Saturday, April 1, 2017

Go Poem #18 -- Two New Haiku

by Peyton Price

Get off the laptop.
You’ll never have any friends!
Mom, these are my friends.

You know what you need?
An attitude adjustment.
“That sounds like garbage.”

A haiku is often described as a three-line poem, with 5 syllables in the first line, 7 syllables in the second
line, and 5 syllables in the third line. Each line should be a complete phrase—in this exercise, do not cheat and break a line in the middle of a prepositional phrase. (Hope you were paying attention the day you learned prepositions!) You should also know that haiku often reveal a “surprise” or shift in perspective in the third line. 

A haiku about people is sometimes called a senryu. Senryu can be ironic or satiric, and poets can shift between the perspective of two people to exactly that effect. In other words, senryu was made for teenagers.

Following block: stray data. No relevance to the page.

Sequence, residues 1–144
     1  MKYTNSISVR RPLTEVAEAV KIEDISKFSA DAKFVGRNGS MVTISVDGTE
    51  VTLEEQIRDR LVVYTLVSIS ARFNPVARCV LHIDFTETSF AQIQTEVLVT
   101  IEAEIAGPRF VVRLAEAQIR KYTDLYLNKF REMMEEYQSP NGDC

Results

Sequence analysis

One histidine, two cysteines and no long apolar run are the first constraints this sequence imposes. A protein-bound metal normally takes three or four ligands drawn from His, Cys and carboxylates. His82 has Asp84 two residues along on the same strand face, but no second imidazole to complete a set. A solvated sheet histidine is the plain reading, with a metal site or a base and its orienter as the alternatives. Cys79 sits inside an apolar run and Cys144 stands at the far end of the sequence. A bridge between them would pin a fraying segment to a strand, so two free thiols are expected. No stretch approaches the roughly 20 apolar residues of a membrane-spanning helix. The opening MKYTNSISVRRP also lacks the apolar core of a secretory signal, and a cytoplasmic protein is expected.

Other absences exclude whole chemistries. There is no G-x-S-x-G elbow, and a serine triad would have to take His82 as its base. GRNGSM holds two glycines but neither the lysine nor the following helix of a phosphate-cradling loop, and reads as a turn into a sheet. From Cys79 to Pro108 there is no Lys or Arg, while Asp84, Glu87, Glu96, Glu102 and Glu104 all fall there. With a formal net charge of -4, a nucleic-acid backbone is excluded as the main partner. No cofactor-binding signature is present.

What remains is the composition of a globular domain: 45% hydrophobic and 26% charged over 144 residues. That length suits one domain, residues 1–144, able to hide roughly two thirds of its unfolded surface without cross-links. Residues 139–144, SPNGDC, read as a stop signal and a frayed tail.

What was the last time someone didn’t get you at all? 
Is there someone whose hypocrisy you want to call out? 
Did you ever think of a perfect comeback after it was too late? 
What was that conversation about?
Now, what was it really about?

Strip away the details and boil the situation down to a universal theme of misunderstanding, played out in 5 syllables, then 7, then 5.

Peyton Price is the author of Suburban Haiku, a collection of poems that lampoons life in suburbia using the traditional Japanese form.  

Further Reading:

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